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Perfectionism: A tunnel vision of Life and Work

www.businessmanager.in | October 1, 2023

“Perfectionism isn't a behavior, it is a way of thinking about yourself.” - Andrew Hill

Perfectionism can be perplexing and utterly exhausting most of the time. When you are living in a society aiming for, even celebrating perfection, anything less is considered unnatural and unworthy. Although a personality trait, perfectionism has been recognised as a multidimensional construct by researchers (Curran & Hill, 2019). Hewitt and Flett (1991) categorised perfectionism into three categories namely- self-oriented perfectionism, other-oriented perfectionism, and prescribed perfectionism. Self-oriented perfectionism is characterised by a tendency of individuals to set extremely high, sometimes even unrealistic expectations of themselves, being self-critical, fearful of failure, and averse to making mistakes. It consists of an individual’s desire to appear flawless or demanding of themselves a higher quality of performance than what is required (Beheshtifar et al., 2011). Researchers have argued that this type of perfectionism often stems from adverse childhood experiences and complex emotions that manifest in this unending pursuit of excellence (Kermanian et al., 2021).
Additionally, perfectionistic tendencies have also been recognised as a coping mechanism for stress and have found an association between maladaptive perfectionistic tendencies with psychological disorders such as clinical depression, chronic anxiety, restrictive eating disorders, and more (Fang & Liu, 2022). What causes this epidemic to spread is more layered and complicated than one would imagine. A study conducted in 2021 by Sehar Kermanian and colleagues from the Department of General Psychology at the University of Tehran, Iraq revealed that increased trauma in the childhood years of an infant can lead to overly perfectionistic tendencies in adulthood. It further states that adaptive parenting styles and a conducive familial environment can contribute to lower perfectionism (Kermanian et al., 2021). Another study conducted by researchers at the University of Cambridge discussed how excessive parental demands in childhood lead to a greater tendency of perfectionism (Oros et al., 2017).
This explains to us that parental guidance, beliefs, values and demands play an imperative role in shaping an individual’s personality and how they perceive themselves and the world around them in their adult years.

Society, too, plays a role here in culminating and fostering this mindset of unembellished brilliance. With the advent of the ‘hustle culture’ and ‘grind culture’, there has been a glorification of the overworked, burnt-out employee. Unrealistic expectations are placed on professionals and students alike. The failure to perform, conform, and deliver is looked down upon, to say the least. Literature reveals to us how such societal trends in turn adversely affect parental styles thus resulting in maladaptive parenting styles. Highly critical and controlling parenting styles have been associated with anxious, self-doubting, critical, and overly perfectionistic adults (Bousman, n.d.). This negative perfectionism is extremely detrimental to an individual’s mental health. Emotional exhaustion, burnout, hopelessness, worthlessness, difficulty adjusting, and deteriorating long-term performance in the future are a few concerns. Studies have shown clear associations between ways of upbringing, maladaptive perfectionism, and the hazard that it is to mental health. While such concerns may not be visible, their harm only comes to the forefront in the long run thus resulting in serious burnout, acute and chronic stress, lowered job satisfaction, and eventually decreased employee performance.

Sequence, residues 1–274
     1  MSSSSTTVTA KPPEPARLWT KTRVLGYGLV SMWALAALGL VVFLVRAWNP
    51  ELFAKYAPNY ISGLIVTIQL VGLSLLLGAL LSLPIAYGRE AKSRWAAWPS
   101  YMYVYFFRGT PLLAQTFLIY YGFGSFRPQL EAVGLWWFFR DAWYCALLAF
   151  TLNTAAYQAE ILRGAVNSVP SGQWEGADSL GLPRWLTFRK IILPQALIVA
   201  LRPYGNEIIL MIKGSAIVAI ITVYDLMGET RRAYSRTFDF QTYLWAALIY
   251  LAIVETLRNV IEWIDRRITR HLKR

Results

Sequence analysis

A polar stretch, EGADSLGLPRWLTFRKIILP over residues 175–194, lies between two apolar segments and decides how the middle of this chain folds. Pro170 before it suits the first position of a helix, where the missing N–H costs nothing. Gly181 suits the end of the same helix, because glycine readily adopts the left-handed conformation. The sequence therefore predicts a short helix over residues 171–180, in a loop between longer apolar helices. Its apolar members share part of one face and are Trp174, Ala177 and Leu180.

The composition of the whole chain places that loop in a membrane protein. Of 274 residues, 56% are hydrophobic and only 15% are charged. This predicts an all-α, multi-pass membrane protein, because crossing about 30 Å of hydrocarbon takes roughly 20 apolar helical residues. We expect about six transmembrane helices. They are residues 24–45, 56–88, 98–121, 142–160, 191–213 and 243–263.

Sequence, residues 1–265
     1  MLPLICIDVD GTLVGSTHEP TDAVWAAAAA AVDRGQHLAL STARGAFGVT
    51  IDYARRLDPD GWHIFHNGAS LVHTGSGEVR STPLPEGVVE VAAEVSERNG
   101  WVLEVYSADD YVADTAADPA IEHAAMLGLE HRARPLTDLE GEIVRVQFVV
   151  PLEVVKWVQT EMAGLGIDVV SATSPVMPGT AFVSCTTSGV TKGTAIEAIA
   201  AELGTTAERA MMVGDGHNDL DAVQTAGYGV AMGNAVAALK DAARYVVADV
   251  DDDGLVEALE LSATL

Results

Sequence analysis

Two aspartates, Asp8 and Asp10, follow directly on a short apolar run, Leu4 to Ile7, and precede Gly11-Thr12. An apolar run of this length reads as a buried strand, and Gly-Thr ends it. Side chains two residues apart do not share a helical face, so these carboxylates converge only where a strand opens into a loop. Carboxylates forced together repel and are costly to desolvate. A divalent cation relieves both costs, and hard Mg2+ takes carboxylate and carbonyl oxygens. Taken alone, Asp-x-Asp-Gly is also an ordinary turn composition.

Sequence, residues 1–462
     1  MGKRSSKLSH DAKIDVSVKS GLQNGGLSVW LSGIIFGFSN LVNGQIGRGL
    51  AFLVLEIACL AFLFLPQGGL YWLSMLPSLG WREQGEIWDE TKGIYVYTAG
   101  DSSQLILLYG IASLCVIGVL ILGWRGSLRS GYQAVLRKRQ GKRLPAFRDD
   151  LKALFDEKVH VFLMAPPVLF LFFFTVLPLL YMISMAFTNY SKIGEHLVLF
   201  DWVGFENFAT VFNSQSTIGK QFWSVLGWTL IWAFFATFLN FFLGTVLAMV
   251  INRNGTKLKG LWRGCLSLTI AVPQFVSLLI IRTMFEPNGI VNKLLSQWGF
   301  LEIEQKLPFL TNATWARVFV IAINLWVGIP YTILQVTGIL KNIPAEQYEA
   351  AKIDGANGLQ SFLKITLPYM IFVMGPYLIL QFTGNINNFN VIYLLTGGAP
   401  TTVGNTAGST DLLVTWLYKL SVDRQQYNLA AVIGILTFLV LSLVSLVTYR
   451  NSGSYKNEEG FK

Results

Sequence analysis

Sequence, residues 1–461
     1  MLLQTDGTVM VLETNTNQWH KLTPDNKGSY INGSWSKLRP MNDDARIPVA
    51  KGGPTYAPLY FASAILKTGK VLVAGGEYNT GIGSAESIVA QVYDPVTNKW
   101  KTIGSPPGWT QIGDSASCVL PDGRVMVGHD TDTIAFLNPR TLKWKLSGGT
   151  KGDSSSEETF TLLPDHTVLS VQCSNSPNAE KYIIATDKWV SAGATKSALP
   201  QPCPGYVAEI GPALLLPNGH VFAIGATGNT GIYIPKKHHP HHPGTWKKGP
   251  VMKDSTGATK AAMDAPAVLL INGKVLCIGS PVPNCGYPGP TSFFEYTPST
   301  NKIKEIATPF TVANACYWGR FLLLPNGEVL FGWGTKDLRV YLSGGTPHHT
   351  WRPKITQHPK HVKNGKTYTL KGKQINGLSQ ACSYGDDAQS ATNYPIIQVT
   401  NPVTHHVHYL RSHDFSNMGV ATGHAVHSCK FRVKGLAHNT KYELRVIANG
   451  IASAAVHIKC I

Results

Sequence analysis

A 2022 Happiness Report by happiness.me stated that 59% of Indians are unhappy at the workplace due to increased levels of stress and a high number of people reported a desire to quit their jobs, out of which the majority were women (Financialexpress 2022). India also ranks 126th out of 136 countries in happiness which makes it one of the unhappiest and dissatisfied countries in the world (World happiness report 2023). Such statistics make one question not only work dissatisfaction but also the general population’s major rise in issues related to mental health which eventually affect work. Stress, anxiety or unhappiness at the workplace can be the enemy of work satisfaction and fulfilment.

Not only this, perfectionists are also found to have higher suicide rates, increased vulnerability to mental disorders, more anger outbursts and an avoidant coping mechanism in the absence of perfection (Bousman, n.d.).
Such concerns have become relevant more so now than ever before. Therefore, identifying such patterns of behavior and strategizing effective coping mechanisms is the way forward. Individuals with high maladaptive perfectionistic tendencies are not only more vulnerable to psychopathological disorders but also reported to have experienced high levels of shame, guilt, loneliness, unworthiness, and even humiliation (Perfectionism and the experience of pride, shame, and guilt: Comparing ...). Employers must aim at making workplaces a safe, healthy, and stress-free environment of growth for the employees. Leaders, too, must take an active participation in interacting with their employees and understanding their concerns. Identifying such unhealthy patterns of behavior and supporting the employee emotionally can help reduce it over time thus leading to a safer and healthier workplace where employees can truly thrive and not just survive.
This article has been co-authored by Ishita Malhotra, Undergraduate Student, FLAME University and Prof. Moitrayee Das, Faculty of Psychology, FLAME University.

(Source:- https://www.businessmanager.in/perfectionism-a-tunnel-vision-of-life-and-work/ )